A humongous fungus lurking underground in Michigan is exceptionally old, tremendously heavy and has a curiously low mutation rate, a new study finds.
Here are the fungus' impressive stats: It's at least 2,500 years old (although it's likely much older), weighs nearly 882,000 lbs. (400,000 kilograms) and spans about 75 hectares (0.75 square kilometers, or 140 American football fields). As for its mutation rate, or the rate at which random genetic tweaks occur, it's fleetingly low, said study co-principal investigator Johann Bruhn, a professor emeritus of plant sciences at the University of Missouri.
"We think that this slow mutation rate is perhaps key to the genetic stability of the humongous fungus and may even be a key reason for its great longevity," Bruhn told Live Science. [Microscopic Worlds Gallery: See Images of Fascinating Fungi]
Bruhn first came across the absolute unit (Armillaria gallica) in the late 1980s, when he was doing an unrelated experiment in the forest of Michigan's Upper Peninsula. He roped in two more fungal experts, James Anderson, now at the University of Toronto, and Myron Smith, now at Carleton University in Ottawa, Canada, who are also co-principal investigators on the new study. The giant fungus stunned the researchers, who initially vastly underestimated its age and size. (Back then, they thought the fungus was about 1,500 years old, 220,000 lbs. (100,000 kg) and about 37 hectares (0.3 square km), according to their 1992 study published in the journal Nature.)
At the time, the public went bonkers over the giant fungus, which is also known as the honey mushroom, Bruhn recalled. Late night comedian David Letterman made a "Top 10" list about it; Johnny Carson cracked jokes; and a New York City restaurant even called to see if it could purchase the fungus to serve on its dinner menu.
Bruhn declined the restaurant's request, but noted that well-cooked honey mushrooms are edible, although eating too many can give you a stomachache. "They need to be cooked thoroughly, and they should not be eaten in excess," he said. "But I've enjoyed them on homemade pizzas."
Now, nearly 30 years later, the scientists' latest experiments reveal the true immensity of A. gallica, Bruhn said. Despite its size, the fungus is largely underground, hidden from view. The fungus uses some of the energy it obtains from decaying a woody foodbase to grow branching tendrils known as rhizomorphs, which travel through the forest floor in search of their next meal. Rhizomorphs attach themselves to tree roots. Once the tree becomes vulnerable, for instance because of drought or pests or fire, the fungus attacks, sapping the tree's nutrients and decaying its wood into a white rot. Every fall, the fungus sprouts mushrooms, which allow the fungus to reproduce.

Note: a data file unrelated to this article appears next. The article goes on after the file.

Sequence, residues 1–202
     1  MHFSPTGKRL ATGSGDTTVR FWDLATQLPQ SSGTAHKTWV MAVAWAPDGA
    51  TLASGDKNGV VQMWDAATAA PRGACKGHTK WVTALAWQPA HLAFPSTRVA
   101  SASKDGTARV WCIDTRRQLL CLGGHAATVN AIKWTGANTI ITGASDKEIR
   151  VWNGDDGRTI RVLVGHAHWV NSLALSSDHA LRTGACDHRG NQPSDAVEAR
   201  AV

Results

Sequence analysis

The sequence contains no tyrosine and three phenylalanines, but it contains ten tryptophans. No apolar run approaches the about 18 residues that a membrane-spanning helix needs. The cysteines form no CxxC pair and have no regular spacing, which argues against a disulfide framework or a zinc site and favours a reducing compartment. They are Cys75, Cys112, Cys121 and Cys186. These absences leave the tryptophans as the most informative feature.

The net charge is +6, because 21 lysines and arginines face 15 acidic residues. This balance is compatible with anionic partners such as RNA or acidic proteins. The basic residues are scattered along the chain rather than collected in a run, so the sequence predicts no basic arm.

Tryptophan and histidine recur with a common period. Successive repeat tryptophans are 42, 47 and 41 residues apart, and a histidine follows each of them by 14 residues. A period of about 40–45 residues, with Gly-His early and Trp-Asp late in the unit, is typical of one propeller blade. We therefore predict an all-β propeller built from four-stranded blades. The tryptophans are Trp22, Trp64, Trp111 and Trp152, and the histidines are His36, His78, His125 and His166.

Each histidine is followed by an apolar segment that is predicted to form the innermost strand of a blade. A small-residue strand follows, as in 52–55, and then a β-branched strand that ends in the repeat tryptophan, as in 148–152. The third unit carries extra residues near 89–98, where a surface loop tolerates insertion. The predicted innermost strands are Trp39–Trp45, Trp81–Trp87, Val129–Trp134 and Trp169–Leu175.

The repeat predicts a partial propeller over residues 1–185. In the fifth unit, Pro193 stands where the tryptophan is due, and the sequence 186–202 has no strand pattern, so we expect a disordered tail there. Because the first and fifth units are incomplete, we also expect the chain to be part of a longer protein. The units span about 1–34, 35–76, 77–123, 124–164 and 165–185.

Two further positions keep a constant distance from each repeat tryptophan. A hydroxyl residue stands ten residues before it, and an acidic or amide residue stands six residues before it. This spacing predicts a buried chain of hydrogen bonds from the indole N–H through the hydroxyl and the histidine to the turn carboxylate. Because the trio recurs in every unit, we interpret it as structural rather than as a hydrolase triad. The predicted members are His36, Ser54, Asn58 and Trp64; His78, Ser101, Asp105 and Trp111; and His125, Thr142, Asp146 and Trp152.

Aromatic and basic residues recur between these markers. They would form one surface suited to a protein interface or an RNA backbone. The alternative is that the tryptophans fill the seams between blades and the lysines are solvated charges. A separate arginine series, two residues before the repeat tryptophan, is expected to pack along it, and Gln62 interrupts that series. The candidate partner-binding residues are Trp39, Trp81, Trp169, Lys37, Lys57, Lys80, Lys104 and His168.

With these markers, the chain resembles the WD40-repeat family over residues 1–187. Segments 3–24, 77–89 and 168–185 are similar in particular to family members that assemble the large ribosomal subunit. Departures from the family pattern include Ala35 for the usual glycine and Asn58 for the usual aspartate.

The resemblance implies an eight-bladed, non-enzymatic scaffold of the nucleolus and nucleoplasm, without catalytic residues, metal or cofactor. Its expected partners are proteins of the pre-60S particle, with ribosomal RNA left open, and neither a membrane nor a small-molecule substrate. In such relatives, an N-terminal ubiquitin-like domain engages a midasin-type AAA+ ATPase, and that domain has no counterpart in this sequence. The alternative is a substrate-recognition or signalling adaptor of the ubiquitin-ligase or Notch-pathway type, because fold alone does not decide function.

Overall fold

From 2015 to 2017, the scientists revisited the humongous fungus and took 245 samples so that they could run a whole-genome sequences of its genetic material. They estimated its age of 2,500 years by analyzing the fungus' growth rate. However, this particular A. gallica could be even older because there are other Armillaria species in the area, which may have hindered A. gallica's growth, Bruhn said.
It's a mystery why A. gallica has such a low mutation rate, but it could be a biological mechanism, the researchers said. Or, perhaps the fact that it's largely underground, away from the mutation-causing ultraviolet rays of the sun, can explain its low rate of mutations, Bruhn said.
While the study shows that Michigan's A. gallica is indeed a giant, it's not the largest fungus out there. "Indeed, at least two other individuals of a sibling Armillaria species (A. solidipes) have been reported to occupy larger areas" in Washington and Oregon, the researchers wrote in the study.
The study was published online today (Dec. 19) in the journal Proceedings of the Royal Society B.
- Photos: How a Fungal Disease is Disfiguring Snakes
- 50 Interesting Facts About Earth
- 11 Odd Facts About 'Magic' Mushrooms
Originally published on Live Science.
Sign up for the Live Science daily newsletter now
Get the world’s most fascinating discoveries delivered straight to your inbox.
Laura is the archaeology and Life's Little Mysteries editor at Live Science. She also reports on general science, including paleontology. Her work has appeared in The New York Times, Scholastic, Popular Science and Spectrum, a site on autism research. She has won multiple awards from the Society of Professional Journalists and the Washington Newspaper Publishers Association for her reporting at a weekly newspaper near Seattle. Laura holds a bachelor's degree in English literature and psychology from Washington University in St. Louis and a master's degree in science writing from NYU.